The princess in the tower fairy tale
The cult classic movie Shrek highlighted an ingenious fantasy world built on many generations of myths and fairy tales. In the first movie, Shrek steps up to become the proverbial knight in shining armour. His quest? To rescue a princess held captive by an evil dragon in a remote castle tower.
A princess held captive.
A dragon guarding his prize.
A knight in shining armour.
This story still courses through the social bloodstream because it resonates on several levels.
- Women really are princesses in disguise. The Bible says that when we give our lives to Jesus, we’re adopted into his royal family with all the rights and responsibilities that brings.
- Far too many princesses really are held captive in towers of a thousand kinds—prisons of fear, self-esteem, poor body image, inequality, sin, lies, addiction, and more.
- Men really do want to be knights in shining armour. Deep down, guys are wired to come through—or, at least, to try. We long to leave the mores of safety and boredom behind for nobler quests.
- There really is a dragon guarding people held captive. The devil is a bloodthirsty, cruel taskmaster hellbent on preventing us from all we can be—knights and princesses alike.
- Men really are called to give themselves sacrificially to love and serve their wives. According to Ephesians 5, we’re called to play a “Christ-figure” role in our marriages, loving our wives like Jesus loves the Church. Shauna often calls me her “knight in shining armour.” And I like it.
So there you go. Your life, in a nutshell.
But I also have real problems with this myth, for several reasons:
- Far too many women are waiting for their knight in shining armour to ride up the hill, defeat their dragon, and whisk them away into the sunset of future bliss. This is an abdication of their calling, role, and power as a woman. No one can fight our dragons for us. Our bondage is our own. The reality is, a knight is called to ride up alongside a woman to help, to support, to pray, to bleed for her as necessary. But her battle is her own. I think some princesses have rejected this entire motif because it makes them feel weak and inferior to men.
- If men identify too closely with the knight in shining armour role, they will see themselves as superior to the poor, helpless princess in the tower. In a healthy relationship there are moments when the knight is the one stuck in the tower and the princess is fighting her way up the hill to give him the support he needs in the battles he’s facing. In my marriage, I really do fight battles and bleed freely and whisk Shauna away in my arms from time to time. But she does the same for me when I need it.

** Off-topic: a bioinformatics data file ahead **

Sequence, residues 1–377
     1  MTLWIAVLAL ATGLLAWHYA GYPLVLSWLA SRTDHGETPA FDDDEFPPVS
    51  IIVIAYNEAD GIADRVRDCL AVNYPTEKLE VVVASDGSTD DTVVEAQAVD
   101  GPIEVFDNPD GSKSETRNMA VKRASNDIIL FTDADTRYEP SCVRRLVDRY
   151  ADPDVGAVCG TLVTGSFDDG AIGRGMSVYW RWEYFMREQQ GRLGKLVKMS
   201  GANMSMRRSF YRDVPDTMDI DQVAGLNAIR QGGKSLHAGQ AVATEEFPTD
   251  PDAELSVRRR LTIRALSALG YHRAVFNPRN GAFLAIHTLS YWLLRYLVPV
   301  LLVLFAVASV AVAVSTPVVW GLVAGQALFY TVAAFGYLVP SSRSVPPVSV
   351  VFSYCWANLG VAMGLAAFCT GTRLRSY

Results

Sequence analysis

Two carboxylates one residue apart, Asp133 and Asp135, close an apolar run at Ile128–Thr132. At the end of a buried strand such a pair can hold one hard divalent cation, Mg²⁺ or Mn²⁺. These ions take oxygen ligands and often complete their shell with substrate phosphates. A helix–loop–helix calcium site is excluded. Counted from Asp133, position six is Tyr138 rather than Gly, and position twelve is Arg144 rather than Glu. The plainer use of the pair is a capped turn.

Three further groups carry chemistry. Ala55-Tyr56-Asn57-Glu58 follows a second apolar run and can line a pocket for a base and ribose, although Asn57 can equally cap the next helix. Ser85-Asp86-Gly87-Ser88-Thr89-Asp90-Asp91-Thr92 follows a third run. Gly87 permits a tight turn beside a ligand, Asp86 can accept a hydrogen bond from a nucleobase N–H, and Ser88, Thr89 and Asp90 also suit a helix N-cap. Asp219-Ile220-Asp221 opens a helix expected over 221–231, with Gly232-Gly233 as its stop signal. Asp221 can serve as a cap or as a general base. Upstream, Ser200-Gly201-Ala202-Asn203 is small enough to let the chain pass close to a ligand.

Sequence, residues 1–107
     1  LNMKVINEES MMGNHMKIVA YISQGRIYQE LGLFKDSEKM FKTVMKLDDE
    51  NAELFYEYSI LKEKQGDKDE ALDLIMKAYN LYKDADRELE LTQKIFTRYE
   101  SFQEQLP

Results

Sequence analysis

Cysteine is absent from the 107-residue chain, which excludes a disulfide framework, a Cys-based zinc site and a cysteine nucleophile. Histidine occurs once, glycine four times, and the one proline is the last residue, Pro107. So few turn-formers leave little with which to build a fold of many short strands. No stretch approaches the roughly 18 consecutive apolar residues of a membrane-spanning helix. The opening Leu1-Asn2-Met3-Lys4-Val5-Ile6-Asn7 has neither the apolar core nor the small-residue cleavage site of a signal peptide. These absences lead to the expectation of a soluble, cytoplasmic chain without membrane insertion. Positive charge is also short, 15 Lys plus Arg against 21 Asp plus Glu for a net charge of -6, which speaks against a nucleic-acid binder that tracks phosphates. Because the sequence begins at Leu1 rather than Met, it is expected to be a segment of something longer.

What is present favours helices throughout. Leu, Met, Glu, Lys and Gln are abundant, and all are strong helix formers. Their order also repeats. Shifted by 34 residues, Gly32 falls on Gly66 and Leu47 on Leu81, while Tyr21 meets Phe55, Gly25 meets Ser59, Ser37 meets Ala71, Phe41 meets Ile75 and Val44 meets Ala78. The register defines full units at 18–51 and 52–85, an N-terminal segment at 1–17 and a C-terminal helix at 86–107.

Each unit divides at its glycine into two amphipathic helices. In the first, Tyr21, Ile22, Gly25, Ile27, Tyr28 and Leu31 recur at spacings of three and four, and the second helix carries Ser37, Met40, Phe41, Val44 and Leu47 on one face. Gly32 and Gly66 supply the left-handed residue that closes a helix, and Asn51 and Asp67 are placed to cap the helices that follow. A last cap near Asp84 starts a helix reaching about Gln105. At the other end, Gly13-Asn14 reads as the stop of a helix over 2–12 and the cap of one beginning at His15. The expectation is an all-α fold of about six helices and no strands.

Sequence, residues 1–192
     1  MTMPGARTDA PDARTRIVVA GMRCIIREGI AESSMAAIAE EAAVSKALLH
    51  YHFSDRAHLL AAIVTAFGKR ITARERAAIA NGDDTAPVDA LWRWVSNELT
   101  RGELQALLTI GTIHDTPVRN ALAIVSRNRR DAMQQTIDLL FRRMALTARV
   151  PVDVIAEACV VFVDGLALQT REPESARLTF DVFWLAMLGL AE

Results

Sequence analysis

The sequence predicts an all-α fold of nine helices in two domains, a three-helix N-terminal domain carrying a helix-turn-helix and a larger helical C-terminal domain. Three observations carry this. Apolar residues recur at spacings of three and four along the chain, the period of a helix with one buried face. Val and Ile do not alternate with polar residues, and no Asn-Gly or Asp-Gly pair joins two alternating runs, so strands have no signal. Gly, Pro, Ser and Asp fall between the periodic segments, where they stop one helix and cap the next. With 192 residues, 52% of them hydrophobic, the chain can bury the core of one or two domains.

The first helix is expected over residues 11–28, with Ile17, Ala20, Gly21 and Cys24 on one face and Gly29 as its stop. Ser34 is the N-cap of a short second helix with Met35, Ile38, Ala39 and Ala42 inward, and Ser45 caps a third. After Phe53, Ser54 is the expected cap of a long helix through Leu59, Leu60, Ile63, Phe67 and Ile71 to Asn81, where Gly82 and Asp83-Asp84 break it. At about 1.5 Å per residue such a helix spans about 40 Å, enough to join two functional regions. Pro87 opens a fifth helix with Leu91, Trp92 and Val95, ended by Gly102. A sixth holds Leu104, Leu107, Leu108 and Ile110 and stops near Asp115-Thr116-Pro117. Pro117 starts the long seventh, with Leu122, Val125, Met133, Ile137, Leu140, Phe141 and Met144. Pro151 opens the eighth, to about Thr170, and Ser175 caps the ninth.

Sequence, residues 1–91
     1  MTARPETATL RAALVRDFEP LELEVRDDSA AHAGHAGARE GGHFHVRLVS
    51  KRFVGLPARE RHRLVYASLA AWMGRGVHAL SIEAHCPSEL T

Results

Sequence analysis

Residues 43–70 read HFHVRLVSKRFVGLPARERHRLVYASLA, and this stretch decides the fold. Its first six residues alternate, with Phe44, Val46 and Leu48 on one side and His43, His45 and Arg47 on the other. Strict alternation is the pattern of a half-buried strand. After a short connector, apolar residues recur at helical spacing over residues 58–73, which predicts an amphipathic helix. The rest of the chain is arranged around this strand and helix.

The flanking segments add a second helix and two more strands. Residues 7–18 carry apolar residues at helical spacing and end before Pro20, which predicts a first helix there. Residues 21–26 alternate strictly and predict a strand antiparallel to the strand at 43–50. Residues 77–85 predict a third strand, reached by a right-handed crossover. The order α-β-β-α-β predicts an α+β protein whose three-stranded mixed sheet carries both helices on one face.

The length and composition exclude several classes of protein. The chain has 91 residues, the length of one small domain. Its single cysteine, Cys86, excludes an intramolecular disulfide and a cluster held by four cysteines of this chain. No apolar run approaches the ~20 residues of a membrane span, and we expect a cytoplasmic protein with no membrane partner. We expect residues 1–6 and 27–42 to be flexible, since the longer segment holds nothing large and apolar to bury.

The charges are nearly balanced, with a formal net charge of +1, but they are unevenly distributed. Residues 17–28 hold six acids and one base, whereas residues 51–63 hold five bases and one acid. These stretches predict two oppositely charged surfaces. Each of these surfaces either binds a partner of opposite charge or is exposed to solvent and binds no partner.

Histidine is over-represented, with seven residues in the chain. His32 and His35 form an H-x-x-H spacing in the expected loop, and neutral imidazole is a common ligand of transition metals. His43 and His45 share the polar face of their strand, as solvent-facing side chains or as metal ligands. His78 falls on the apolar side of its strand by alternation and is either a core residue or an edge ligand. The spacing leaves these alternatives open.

- The marriage bond is obviously a primary building block in kingdom life, but what about single knights and princesses? The nuclear family is vital, but the wider community of faith is just as important in our hills, valleys, battles, and victories. A princess should never put all her trust in a single knight unless he’s Jesus Christ—and even then, he’s going to use other people. Dragons fall to teams more easily than to single warriors swinging for their own moon.
- In my experience, the dragon is one thing… the princess is another. Someone locked up in a tower for a long time is used to being up there. They may even like it. This is why Jesus asked the lame man, “Do you want to get well?” I’ve found that as I ascend the hill to the tower, some of the more precisely aimed arrows that strike me aren’t coming from the dragon. They’re coming from the princess. And sometimes I end up shooting her back.
How many of us have tried to serve someone only to watch a door slam in our face? If our goal really is the liberation of the captive princess (or the captive knight) we won’t give up, stomping away muttering, “Fine then. Rot in your stupid tower.” Our true prize doesn’t lie in the glory of victory, but in the gleam of triumphant grace.
Does this myth resonate with you? What about my reflections on it? Comment below!